SMSF Dividend StocksSelf-managed super fund trustees must consider having a solid exposure to dividend stocks even as they move into retirement, according to Legg Mason.

As investors approach retirement their saving priorities change from growing their pension pot to preserving it. Traditionally this has seen retirees move from higher risk equities to safe and reliable bonds.

However, in the current environment, Legg Mason Australian equities chief investment officer, Reece Birtles warns that ignoring equities could compromise retiree’s standard of living.

“Investors are spooked by the split personality of equity markets. On the one hand retirees should be embracing equities because of Australia’s strong corporations, high dividend yields and favorable tax structure, on the other hand they are shunning it because they are reminded of the complicated derivatives and products that contributed to the financial crisis,” he said.

He added that the strong Australian economy, low interest rates and one of the highest dividend yields in the developed world means that SMSF investors should be rethinking ongoing high allocation to cash by diversifying into an equity strategy designed to meet the financial needs of retirees.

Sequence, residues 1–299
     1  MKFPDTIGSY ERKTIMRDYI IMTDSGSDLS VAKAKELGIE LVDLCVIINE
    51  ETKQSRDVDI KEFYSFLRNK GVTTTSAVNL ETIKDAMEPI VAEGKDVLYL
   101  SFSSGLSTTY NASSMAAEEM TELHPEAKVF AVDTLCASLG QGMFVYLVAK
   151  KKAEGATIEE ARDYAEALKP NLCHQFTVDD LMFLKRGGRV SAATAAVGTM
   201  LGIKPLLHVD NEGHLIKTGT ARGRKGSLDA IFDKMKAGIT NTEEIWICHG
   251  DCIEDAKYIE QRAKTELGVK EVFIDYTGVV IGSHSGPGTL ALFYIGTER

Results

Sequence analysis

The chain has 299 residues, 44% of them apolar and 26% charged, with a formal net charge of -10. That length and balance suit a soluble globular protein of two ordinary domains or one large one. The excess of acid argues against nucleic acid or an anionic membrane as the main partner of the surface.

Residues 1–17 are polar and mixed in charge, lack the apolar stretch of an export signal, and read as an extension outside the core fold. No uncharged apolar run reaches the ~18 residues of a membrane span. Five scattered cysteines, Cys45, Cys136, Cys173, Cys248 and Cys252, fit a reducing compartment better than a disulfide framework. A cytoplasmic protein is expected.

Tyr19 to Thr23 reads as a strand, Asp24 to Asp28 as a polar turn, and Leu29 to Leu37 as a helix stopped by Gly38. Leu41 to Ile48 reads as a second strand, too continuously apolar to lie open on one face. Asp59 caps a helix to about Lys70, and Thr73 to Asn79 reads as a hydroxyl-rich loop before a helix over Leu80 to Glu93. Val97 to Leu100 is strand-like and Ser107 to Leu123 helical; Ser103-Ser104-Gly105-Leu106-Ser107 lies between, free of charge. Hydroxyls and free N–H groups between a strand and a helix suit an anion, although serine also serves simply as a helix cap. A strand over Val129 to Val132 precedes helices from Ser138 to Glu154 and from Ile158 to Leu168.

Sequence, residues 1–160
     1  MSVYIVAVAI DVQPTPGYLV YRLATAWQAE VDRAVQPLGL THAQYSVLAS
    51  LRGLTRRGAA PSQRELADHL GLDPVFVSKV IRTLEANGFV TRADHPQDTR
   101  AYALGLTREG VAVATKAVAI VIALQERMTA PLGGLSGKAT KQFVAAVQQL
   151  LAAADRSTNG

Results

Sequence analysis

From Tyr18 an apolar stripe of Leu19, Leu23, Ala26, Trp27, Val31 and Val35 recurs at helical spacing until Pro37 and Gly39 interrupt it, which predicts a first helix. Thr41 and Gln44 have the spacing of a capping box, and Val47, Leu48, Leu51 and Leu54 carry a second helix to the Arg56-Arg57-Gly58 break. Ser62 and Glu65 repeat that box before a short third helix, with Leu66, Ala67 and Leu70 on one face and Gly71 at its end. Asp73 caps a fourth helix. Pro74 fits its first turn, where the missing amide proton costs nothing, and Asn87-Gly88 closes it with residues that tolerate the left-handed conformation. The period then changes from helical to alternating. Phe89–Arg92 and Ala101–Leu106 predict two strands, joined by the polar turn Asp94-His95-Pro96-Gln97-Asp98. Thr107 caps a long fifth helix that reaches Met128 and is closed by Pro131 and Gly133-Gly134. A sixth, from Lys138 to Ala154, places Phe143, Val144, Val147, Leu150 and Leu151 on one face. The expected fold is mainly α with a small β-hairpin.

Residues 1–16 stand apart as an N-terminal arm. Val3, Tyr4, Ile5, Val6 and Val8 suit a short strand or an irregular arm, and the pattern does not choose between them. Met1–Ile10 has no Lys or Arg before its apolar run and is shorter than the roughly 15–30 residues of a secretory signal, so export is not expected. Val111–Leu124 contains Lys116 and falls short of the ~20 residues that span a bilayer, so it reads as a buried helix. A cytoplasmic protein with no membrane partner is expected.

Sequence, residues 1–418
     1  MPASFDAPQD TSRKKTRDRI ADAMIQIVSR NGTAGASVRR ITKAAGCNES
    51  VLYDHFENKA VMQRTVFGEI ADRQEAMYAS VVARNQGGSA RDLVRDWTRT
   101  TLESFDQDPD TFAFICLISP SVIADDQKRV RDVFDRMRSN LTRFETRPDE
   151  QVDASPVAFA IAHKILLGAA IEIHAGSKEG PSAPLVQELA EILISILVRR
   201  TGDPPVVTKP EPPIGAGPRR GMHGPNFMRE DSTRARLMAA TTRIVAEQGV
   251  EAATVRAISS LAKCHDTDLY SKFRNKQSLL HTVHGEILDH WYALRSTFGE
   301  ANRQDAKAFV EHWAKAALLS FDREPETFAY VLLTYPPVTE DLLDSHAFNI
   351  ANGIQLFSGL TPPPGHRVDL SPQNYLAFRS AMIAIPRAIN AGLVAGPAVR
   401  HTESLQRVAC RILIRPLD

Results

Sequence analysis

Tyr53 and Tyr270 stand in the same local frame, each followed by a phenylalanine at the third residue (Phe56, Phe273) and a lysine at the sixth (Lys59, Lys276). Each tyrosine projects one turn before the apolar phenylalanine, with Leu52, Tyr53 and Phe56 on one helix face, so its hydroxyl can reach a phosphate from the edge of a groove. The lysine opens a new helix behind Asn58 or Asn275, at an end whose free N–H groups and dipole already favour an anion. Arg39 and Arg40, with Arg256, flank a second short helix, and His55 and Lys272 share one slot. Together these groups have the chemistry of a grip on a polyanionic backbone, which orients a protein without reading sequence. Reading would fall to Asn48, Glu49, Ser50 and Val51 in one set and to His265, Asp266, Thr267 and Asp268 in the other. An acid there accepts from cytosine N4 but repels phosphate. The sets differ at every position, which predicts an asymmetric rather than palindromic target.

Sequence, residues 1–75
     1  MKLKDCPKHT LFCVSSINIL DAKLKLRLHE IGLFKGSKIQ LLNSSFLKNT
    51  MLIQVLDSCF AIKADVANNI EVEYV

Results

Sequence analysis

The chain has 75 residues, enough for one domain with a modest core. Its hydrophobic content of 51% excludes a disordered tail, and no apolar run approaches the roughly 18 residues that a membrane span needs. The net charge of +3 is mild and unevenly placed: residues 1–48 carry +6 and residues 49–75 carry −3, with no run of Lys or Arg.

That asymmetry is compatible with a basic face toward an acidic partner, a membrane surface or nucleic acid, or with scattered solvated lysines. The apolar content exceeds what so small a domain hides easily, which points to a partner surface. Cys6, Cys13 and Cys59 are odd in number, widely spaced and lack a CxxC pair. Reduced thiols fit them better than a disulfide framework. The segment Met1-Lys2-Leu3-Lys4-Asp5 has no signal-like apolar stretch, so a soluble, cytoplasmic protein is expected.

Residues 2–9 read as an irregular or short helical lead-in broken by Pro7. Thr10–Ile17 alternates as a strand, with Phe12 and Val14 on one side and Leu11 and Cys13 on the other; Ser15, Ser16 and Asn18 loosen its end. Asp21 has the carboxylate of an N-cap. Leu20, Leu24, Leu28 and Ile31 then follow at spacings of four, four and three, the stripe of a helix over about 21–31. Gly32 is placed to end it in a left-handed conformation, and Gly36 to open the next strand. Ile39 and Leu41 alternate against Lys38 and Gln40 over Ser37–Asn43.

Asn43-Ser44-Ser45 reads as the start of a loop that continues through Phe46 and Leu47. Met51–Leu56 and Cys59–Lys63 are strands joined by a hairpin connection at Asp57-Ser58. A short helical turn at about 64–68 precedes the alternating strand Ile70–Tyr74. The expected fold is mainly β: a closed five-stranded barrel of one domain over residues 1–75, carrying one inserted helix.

Birtles said that rather than dialing down the equity investment, retirees require an exposure of more than 50% to growth assets including equities to keep up with an inflation rate of 2.5% over 20 years.

“Over a 15 year timeframe, dividend yield has outperformed returns from share price, and Australia’s tax structure makes dividends doubly attractive for retirees as dividend franking can add over two per cent to the yield for zero rate tax payers to further increase the dividend stream,” Birtles explained.

The Legg Mason Australian Equity Income Trust fund is designed to give investors access to stocks with a sustainable yield and high quality characteristics.

Since inception it has returned 9.4% pa income and 12.2% pa with capital gains included. This compares to the one-year term deposit rate which has fallen from 6% to 4.15% over the same period.


By: Mark Smith

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